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Indecisive Deconstruction
A deconstruction that can't make up its mind if it is examining a genre, or if it is just in that genre.

A deconstruction has to have at least some elements of the genre it is deconstructing, but there is a fine line. It has to fundamentally criticize the tropes of the genre, playing them straight and demonstrating the actual consequences of the genre's tropes (good or bad). However, even standard genre pieces often do that to at least some of their genre conventions. What about works that were meant to be deconstructions, but didn't go far enough? Or works that were never meant to be deconstructions, but ended up as being viewed as such? What about works that crank up the tropes to the point of parody yet are ambiguous on whether or not they are criticizing the tropes? What about works that merely play the conventions for realism, with no critical intent on the part of the creator, yet can still clearly be read as criticisms?

Basically, there are many questions that can be raised about what counts as a deconstruction.

There are at least three potential subtypes of Indecisive Deconstruction:

  • Unintentional Deconstruction, where the work can be read as a criticism of the tropes it plays straight, even if there is no critical intent on the part of the author (or the author has not expressed any critical intent whatsoever). Half-Life, as stated below, can be read as a deconstruction of the Trope Codifier Doom, but the authors have never implied any critical intent. Twilight can also be read as a deconstruction of traditional romances, because Edward is sometimes seen as an abusive, manipulative control freak, yet Stephenie Meyer has stated she believes Edward is the perfect boyfriend (thus, no critical intent exists). It should be marked that this type of deconstruction can be either a product of very attentive and intuitive (sometimes naive) writing or the product of writing so bad that the author doesn't even understand the context and consequences of their own work.
  • Partial Deconstruction, where the work deconstructs several tropes, but whether or not it actually criticizes the tropes essential to the genre (or enough of the tropes essential to the genre) is debatable. This category exists for Genre Films that throw in some deconstructed tropes but may not be deconstructions of their genre. This can be intentional or unintentional on the part of the author but can be effective or not depending on the nature and purpose of the work. This often depends on which genre the work is classified as; sometimes it becomes incidental as an author intends to deconstruct one genre but actually ends up writing it for another (a lot of tropes are common to many genres, but are only essential to a limited number).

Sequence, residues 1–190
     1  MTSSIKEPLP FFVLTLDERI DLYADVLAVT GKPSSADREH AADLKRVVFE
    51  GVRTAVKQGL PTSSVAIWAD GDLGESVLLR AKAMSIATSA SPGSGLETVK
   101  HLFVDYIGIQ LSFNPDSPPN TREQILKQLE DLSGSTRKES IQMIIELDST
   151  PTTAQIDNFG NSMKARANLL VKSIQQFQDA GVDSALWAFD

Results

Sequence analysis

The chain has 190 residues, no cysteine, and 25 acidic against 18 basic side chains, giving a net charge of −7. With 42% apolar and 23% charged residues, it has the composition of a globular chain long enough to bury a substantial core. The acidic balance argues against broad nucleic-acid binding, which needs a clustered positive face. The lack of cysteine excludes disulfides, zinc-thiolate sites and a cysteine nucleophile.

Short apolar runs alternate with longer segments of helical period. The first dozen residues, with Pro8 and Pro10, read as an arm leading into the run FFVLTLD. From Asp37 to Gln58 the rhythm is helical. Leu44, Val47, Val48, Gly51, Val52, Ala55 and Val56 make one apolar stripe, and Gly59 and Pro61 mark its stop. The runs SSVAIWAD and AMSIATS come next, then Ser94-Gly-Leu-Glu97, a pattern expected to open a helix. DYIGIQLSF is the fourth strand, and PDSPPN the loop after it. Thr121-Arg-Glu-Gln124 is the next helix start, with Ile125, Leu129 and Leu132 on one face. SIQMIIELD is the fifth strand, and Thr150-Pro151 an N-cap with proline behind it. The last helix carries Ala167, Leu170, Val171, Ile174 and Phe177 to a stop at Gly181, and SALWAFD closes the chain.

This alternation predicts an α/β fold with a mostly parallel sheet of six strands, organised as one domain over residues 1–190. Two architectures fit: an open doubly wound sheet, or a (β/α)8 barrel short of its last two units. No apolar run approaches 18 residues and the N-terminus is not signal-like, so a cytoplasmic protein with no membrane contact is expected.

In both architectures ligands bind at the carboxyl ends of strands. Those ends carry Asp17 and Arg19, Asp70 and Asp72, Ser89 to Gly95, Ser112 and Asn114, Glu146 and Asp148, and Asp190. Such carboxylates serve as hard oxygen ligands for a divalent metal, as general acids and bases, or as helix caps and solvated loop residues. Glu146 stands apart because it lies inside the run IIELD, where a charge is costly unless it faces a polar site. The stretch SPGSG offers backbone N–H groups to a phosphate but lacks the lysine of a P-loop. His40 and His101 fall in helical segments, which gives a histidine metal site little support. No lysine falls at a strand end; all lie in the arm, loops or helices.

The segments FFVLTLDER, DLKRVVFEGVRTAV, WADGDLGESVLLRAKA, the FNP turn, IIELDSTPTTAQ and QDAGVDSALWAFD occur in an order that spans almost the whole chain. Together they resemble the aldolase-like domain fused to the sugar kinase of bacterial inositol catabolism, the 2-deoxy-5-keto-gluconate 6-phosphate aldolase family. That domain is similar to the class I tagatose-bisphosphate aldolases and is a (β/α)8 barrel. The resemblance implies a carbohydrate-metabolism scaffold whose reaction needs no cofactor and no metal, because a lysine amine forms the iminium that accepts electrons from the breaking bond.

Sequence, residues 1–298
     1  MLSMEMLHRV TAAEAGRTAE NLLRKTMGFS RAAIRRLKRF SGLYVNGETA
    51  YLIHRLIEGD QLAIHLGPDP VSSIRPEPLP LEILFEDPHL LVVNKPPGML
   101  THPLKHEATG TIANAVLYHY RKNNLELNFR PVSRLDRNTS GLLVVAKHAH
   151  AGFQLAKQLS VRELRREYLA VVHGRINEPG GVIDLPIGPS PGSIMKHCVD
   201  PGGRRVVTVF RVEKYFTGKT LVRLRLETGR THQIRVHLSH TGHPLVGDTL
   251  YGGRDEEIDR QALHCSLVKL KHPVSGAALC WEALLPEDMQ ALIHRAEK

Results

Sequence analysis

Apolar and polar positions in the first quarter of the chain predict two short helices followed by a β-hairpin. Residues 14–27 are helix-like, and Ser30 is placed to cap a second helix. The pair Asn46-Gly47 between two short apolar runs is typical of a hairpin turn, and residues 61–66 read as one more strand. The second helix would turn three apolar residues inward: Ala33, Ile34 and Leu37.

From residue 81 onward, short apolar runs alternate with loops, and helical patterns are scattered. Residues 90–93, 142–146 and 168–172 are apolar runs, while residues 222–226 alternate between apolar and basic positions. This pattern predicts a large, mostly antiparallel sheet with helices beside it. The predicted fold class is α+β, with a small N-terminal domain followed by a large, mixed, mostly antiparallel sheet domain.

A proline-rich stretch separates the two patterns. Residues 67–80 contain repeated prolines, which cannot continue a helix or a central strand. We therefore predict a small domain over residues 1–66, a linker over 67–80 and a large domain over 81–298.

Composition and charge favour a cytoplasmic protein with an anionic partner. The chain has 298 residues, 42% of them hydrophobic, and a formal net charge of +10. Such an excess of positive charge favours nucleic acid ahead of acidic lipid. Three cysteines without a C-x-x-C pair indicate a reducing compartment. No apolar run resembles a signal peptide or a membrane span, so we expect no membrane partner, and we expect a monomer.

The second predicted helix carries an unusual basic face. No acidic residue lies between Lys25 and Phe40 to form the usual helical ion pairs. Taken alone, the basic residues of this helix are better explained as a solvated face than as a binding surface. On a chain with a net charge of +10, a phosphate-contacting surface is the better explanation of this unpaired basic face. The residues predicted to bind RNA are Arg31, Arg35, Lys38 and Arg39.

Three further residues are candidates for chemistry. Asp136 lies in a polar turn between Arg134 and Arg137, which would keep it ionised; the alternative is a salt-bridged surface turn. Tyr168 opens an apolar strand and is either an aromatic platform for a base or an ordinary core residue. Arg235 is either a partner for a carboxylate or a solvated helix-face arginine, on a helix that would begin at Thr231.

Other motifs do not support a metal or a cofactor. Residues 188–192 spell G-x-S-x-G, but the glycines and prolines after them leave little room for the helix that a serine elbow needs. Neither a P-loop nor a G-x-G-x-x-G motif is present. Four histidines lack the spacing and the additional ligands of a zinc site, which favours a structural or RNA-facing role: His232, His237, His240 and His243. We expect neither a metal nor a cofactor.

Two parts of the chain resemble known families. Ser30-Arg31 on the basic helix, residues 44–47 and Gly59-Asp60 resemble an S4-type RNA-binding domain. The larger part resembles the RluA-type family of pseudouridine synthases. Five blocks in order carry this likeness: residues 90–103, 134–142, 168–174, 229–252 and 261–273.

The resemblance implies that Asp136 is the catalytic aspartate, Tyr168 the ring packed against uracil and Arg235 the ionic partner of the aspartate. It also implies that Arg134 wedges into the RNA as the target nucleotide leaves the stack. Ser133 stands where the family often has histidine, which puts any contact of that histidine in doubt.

• Attempted Deconstruction, where the work postures as a Genre Deconstruction but isn't. This is the reverse of Unintentional Deconstruction; deconstructive intent is present, but the deconstruction is hampered by too many tropes being played straight. Scream (1996) fits here. Arguably, some of the Darker and Edgier Dark Age Comic Books (which [mostly unsuccessfully] attempted to emulate Watchmen and The Dark Knight Returns) also fit under this category. This is either the result of bad writing where the author doesn't really understand the consequences of the tropes they are deconstructing, or the result of a series where an author starts off with one idea but then changes to settle in another (this doesn't mean that the work is badly written, just that its purpose changed over time).

See also Indecisive Parody and Unbuilt Trope.

Compare Supposedly Rebellious Series, when a story appears to challenge metaconcepts, but doesn't. Compare and contrast Decon-Recon Switch, where a work begins as a deconstruction but (intentionally) switches to a Reconstruction by the end.


Examples:

    open/close all folders 

    Anime and Manga